What’s next? Algae lamps!

Proper lighting at night is required for safety along road and pathways. Many need electricity to run at night. Although many places have transitioned to LED lighting, the most energy efficient lighting currently available, to cut down on the energy use of street lamps, but a renewable energy source for the lighting would be ideal.

Researchers at the Technical University of Denmark think there is a better solution: one that requires no electricity at all but could still illuminate city streets: algae.

Bioluminescent microalgae exist throughout warm parts of the world’s oceans. The above image is one of biolminescence along a costline in Asis.

The source of the bioluminescence is two molecules: luciferase (an enzyme) and luciferin (a molecule produced by photosynthesis). These molecules are activated by a chemical reaction triggered by movement such as the crashing of waves upon the shore or a passing fish.

When this reaction occurs, the algae emit a blue light, but it’s only for a moment.

The research team believes that the genes for bioluminescence could be isolated and then transferred to other, larger plant organisms that could be used to provide a continual source of blue light at night. An algae-based lamp would work like a solar cell and battery storage combo where solar energy during the day is converted into fuel for the organism which it stores and then uses to emit blue light at night.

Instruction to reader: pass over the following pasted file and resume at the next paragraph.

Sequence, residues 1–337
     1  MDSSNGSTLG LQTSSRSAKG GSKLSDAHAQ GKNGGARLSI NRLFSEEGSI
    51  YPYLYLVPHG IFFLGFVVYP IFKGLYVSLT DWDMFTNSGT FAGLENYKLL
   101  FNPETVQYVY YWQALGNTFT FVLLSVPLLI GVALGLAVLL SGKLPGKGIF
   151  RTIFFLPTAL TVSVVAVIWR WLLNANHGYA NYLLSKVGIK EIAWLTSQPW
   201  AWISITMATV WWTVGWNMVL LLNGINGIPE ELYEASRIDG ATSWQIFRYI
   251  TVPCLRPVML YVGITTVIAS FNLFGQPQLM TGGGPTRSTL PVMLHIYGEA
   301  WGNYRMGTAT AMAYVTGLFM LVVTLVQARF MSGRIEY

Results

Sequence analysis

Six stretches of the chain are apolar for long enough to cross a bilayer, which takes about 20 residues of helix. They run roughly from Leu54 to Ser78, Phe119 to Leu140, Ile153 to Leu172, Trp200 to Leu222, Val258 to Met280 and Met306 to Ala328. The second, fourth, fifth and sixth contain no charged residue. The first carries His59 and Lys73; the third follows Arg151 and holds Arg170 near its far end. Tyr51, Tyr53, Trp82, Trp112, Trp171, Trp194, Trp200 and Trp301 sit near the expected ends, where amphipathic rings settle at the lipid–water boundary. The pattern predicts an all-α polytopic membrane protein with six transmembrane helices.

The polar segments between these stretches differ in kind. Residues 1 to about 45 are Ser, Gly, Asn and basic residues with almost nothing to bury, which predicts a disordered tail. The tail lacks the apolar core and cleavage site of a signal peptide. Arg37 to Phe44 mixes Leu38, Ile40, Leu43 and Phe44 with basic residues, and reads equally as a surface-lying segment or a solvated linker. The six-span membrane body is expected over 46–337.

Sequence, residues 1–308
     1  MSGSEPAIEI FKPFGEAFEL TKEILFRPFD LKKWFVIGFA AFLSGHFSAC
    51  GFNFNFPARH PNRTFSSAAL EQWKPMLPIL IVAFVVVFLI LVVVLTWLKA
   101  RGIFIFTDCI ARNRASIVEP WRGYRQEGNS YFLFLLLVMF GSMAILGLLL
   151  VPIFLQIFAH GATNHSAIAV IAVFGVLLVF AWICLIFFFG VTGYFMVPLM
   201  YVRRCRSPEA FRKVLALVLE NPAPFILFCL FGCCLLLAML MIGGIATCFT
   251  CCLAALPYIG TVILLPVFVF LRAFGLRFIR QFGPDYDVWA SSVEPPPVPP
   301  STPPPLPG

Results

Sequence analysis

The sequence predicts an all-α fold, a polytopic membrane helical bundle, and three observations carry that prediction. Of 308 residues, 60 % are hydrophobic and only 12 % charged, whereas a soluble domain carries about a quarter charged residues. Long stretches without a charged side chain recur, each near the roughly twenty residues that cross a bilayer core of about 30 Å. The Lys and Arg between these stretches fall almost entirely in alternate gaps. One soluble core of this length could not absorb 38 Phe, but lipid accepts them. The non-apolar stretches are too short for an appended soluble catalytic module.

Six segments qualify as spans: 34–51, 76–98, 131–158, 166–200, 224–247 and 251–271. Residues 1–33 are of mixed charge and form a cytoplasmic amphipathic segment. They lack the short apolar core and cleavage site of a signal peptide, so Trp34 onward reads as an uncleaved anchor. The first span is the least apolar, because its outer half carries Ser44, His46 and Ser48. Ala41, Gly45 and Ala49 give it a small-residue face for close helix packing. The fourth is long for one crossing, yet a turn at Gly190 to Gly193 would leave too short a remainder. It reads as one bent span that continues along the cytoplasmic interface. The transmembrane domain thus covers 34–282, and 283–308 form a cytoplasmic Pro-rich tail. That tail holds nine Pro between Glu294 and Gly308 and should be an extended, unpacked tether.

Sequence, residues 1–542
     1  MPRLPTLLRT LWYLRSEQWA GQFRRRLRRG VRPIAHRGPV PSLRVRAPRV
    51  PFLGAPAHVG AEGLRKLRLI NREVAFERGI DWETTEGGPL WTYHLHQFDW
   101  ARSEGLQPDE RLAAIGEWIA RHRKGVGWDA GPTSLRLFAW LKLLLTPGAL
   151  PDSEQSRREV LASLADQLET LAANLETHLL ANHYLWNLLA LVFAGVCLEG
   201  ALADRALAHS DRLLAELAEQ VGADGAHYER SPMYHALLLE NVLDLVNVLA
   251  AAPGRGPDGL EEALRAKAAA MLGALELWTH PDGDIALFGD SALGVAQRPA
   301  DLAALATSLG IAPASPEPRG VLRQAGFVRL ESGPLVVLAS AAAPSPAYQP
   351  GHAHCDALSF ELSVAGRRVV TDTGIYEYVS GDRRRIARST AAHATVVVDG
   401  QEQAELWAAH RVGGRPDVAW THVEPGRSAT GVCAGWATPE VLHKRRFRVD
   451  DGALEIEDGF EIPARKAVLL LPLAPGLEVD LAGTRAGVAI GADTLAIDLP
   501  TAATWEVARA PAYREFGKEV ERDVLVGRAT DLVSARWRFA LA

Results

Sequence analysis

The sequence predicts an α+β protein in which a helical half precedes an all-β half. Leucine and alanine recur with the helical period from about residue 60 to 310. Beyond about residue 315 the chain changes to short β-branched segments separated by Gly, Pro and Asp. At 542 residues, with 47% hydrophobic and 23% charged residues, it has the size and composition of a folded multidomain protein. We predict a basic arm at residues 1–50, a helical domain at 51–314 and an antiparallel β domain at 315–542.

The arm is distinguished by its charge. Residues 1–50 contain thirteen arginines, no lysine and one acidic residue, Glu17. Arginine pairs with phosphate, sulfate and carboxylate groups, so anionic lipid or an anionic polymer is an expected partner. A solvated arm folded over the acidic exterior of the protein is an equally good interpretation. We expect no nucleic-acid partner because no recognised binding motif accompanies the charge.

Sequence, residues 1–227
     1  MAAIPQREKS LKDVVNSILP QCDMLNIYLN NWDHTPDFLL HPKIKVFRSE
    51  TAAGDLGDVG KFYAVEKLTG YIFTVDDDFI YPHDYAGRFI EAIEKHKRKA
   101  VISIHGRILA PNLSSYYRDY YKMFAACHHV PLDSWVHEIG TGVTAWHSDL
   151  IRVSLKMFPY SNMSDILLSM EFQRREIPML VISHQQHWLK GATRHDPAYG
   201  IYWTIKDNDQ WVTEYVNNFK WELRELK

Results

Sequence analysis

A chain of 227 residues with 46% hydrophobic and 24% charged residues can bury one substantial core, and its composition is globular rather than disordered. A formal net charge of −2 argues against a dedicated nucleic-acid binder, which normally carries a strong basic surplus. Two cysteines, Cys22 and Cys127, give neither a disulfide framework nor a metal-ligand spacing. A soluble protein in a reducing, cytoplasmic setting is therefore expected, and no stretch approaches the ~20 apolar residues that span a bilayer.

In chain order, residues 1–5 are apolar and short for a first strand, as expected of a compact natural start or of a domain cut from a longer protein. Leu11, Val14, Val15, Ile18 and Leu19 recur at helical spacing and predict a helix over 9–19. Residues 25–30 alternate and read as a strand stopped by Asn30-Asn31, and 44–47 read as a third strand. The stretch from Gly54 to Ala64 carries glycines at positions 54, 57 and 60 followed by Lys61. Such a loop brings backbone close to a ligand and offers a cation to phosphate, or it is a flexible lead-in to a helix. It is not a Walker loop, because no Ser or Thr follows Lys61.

If this gene transference can be done, these bio-lamps could be used to light up parking garages, buildings, shop windows and highways. The resulting light will be a bluish hue, which will change the way our cities and towns look at night but it will also be an electricity-free and carbon neutral source of light. Here is an example of how those living lights might look like:

Image result for algae lights

This is how it would work:

The researchers are trying to identify those genes that cause bioluminescence. The next step would be figuring out how the transfer those genes and then cause the plants to emit light continually during the night and without the trigger of movement.

So what may be next in your house or office? Living light based on bioluminescence!


Mark van Engelen is founder Nya Sustainability Consulting, a consulting firm helping organizations implement sustainability. Services include sustainability strategy development, zero waste planning, GHG emissions calculating and planning, energy/water management, employee engagement and guidance in B Corp and carbon neutral certification.




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